Photographs by Vishnu G. Haarinath
Take a diesel-powered SUV that can do the least amount of off-roading, be terrible at carrying pace, and it will still be called a worthy option in the market. You offer it with a petrol engine, and everything seems to go haywire. People begin questioning its off-road credentials, do an eye-roll when talked about performance, and never accept these as proper SUVs. The Jeep Compass (P), then, must be subjected to a ridiculous amount of type-casting, racial abuse, and worse, an eye-roll. Our quick drive in one paints a very different picture, though.
It took FCA some time to bring out a product that works so well with the masses, and the Compass proves to be worth the wait. The petrol-powered derivative that we’re talking about here, is even better. It’s powered by a 1.4-litre Multiair turbocharged petrol engine (160.7 bhp, 25.49 kgm), is FWD only, and comes with a dual-clutch, 7-speed automatic gearbox. Like the rest of the range, it gets disc brakes all around, multi-link suspension at the back, a 60-litre fuel tank, and Frequency Selective Damping. And then you have the almost-Grand-Cherokee-aping looks, an optional dual-tone styling, solid fit and finish, and a very likeable overall design. And while not much changes on the inside, except for the absence of mode-selector (found in the AWD diesel), it’s a nice place to be. As you would associate with any of its Jeep-branded siblings, the Compass feels ridiculously well-built for the most part. The door locks, for instance, make a reassuring sound that can put a vault to shame.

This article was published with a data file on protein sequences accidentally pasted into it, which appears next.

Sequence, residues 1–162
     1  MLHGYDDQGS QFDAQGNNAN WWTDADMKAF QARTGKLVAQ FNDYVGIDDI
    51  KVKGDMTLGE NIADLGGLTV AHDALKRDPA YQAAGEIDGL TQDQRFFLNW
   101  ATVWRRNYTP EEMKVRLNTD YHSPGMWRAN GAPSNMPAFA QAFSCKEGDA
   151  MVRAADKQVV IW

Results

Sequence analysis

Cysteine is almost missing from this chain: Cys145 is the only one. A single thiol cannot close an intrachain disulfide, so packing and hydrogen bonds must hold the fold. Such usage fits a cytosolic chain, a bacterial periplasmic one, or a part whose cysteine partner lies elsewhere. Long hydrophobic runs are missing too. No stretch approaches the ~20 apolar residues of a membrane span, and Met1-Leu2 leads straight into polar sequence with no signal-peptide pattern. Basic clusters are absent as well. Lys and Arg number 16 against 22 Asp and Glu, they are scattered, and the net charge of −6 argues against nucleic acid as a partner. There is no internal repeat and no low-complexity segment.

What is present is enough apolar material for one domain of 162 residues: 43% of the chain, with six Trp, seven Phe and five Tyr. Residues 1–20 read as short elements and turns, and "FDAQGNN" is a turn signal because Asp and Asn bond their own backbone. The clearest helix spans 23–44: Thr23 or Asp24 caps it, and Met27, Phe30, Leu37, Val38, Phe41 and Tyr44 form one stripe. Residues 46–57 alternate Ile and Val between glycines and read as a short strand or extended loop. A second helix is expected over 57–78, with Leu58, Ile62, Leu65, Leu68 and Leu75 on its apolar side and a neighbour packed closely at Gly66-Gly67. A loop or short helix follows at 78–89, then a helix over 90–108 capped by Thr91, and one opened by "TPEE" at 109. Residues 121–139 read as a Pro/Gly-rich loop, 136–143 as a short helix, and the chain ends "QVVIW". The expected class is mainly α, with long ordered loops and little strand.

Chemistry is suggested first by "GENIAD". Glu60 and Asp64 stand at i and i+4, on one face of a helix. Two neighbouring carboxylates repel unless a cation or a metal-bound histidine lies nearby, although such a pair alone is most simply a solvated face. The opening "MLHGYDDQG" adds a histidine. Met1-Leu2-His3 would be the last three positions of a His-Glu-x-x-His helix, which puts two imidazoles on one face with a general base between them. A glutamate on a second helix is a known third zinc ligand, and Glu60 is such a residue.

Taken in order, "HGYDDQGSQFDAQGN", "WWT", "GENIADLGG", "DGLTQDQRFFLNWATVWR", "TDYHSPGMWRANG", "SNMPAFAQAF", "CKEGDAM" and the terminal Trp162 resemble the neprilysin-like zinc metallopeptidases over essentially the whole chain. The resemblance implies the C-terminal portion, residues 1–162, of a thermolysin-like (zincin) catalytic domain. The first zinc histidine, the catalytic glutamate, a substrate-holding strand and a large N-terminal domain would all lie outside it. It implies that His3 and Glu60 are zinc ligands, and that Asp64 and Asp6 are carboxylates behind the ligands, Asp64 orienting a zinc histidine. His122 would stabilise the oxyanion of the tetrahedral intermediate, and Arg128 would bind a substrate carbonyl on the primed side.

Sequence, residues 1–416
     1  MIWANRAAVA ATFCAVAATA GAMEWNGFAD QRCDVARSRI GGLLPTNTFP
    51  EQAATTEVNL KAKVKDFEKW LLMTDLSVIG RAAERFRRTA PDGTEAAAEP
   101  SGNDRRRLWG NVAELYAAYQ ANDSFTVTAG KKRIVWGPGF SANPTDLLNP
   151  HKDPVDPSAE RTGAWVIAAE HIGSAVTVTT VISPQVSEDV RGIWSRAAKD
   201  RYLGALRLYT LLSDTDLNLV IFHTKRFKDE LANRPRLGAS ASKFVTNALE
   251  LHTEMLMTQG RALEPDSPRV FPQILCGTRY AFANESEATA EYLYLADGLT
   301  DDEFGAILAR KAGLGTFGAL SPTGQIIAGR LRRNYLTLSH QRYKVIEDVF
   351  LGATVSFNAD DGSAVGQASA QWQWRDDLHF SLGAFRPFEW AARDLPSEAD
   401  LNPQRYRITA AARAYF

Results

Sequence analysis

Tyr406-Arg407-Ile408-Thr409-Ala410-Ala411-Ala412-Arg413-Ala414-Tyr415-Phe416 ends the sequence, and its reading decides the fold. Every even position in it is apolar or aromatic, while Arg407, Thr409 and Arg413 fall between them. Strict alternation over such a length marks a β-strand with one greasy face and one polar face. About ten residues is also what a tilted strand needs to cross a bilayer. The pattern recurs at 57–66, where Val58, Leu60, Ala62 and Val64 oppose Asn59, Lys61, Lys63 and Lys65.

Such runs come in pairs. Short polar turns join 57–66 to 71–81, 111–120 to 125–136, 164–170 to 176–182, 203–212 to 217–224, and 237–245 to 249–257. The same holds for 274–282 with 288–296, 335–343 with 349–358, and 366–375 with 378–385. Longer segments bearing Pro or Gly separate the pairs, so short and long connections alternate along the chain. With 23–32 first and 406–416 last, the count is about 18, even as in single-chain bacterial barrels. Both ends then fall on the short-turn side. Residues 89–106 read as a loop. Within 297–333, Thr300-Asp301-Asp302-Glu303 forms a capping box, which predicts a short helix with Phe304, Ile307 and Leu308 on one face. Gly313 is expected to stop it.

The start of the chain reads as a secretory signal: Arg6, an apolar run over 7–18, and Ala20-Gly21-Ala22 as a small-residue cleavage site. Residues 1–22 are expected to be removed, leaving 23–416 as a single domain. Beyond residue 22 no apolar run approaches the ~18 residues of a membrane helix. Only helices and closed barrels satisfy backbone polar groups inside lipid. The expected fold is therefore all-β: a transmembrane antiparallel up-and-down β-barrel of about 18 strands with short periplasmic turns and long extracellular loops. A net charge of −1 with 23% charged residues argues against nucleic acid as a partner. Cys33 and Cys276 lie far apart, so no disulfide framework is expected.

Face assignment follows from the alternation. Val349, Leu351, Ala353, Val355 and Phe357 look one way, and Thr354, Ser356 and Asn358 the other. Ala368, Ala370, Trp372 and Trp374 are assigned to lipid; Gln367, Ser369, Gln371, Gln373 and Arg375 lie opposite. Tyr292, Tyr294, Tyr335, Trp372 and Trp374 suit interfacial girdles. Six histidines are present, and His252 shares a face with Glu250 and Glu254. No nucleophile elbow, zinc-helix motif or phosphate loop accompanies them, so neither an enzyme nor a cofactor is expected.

So the Compass certainly feels more than the sum of its parts. And the same is true once it’s on the move. The engine (which also was present in the Abarth Punto in markets abroad and on the Abarth versions of the 500) is a clear charmer. Despite being heavier than the cars it shares the engine with (FCA hasn’t disclosed the exact kerb weight of the Compass Petrol), it retains the urgency of a focussed hatchback. The gearbox is dual-clutch quick, if that’s what you want to know. The manual mode works equally well, too. The only negative I reckon is the steering, which although works well for most part, feels a bit disconnected. It’s okay considering the Compass is an SUV at the end of the day, but it fails to be as engaging as the powertrain.
You can carry a decent amount of speed both in straight and corners, which is a good thing. It stays perfectly stable in both, which is even better. And when it comes to braking, it doesn’t disappoint, either, which as you may have guessed is the best part of it. Of the other ‘bests’ this car offers, I particularly appreciate that it doesn’t disengage the handbrake until you belt up. With that bit of consumer advice out of the way, let me also tell you that the Compass feels different from the usual SUV when it goes over bumps. It does not, in any way, appear to be on the brink of disintegrating, neither does it make its occupants sick with too much of lateral movement.
So, the petrol engine and a FWD layout hasn’t really caused any problem as far as everyday use is concerned. It certainly goes on to prove that we need to work on reducing our prejudices a bit. The Compass is a well-made, very likeable SUV. And irrespective of the engine or drivetrain you choose, the vehicle will be a good purchase.
Displacement: 1368cc, i-4, turbopetrol
Max power: 161 bhp@5500 rpm
Max torque: 25.5 kgm@2500-4000 rpm
Transmission: 7-speed auto
(F/R): 225/60 R17
L/W/H (mm): 4395/1818/1640
Wheelbase: 2636 mm
Ground clearance: NA
Kerb weight: NA
Fuel capacity: 60 litres
PRICE: Rs 20.27 lakh, (ex-showroom)